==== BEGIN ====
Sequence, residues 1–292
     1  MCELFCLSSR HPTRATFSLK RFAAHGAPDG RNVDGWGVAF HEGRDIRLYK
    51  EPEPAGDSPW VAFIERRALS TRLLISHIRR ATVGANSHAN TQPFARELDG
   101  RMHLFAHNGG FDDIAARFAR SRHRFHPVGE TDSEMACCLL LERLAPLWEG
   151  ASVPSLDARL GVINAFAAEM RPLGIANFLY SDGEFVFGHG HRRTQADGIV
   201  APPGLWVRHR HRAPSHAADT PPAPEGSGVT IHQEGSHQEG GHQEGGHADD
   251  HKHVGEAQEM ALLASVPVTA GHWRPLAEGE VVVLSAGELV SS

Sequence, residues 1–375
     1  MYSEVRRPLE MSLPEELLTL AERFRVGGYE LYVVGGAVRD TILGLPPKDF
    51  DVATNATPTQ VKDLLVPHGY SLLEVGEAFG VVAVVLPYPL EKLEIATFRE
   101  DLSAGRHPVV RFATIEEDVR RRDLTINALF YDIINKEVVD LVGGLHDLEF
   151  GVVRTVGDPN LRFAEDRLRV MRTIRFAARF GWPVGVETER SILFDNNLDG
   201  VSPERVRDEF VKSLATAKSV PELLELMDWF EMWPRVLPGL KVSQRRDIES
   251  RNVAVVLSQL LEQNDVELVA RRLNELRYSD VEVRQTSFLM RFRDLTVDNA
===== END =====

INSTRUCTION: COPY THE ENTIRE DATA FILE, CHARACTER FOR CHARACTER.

Sequence, residues 1–292
     1  MCELFCLSSR HPTRATFSLK RFAAHGAPDG RNVDGWGVAF HEGRDIRLYK
    51  EPEPAGDSPW VAFIERRALS TRLLISHIRR ATVGANSHAN TQPFARELDG
   101  RMHLFAHNGG FDDIAARFAR SRHRFHPVGE TDSEMACCLL LERLAPLWEG
   151  ASVPSLDARL GVINAFAAEM RPLGIANFLY SDGEFVFGHG HRRTQADGIV
   201  APPGLWVRHR HRAPSHAADT PPAPEGSGVT IHQEGSHQEG GHQEGGHADD
   251  HKHVGEAQEM ALLASVPVTA GHWRPLAEGE VVVLSAGELV SS

Sequence, residues 1–375
     1  MYSEVRRPLE MSLPEELLTL AERFRVGGYE LYVVGGAVRD TILGLPPKDF
    51  DVATNATPTQ VKDLLVPHGY SLLEVGEAFG VVAVVLPYPL EKLEIATFRE
   101  DLSAGRHPVV RFATIEEDVR RRDLTINALF YDIINKEVVD LVGGLHDLEF
   151  GVVRTVGDPN LRFAEDRLRV MRTIRFAARF GWPVGVETER SILFDNNLDG
   201  VSPERVRDEF VKSLATAKSV PELLELMDWF EMWPRVLPGL KVSQRRDIES
   251  RNVAVVLSQL LEQNDVELVA RRLNELRYSD VEVRQTSFLM RFRDLTVDNA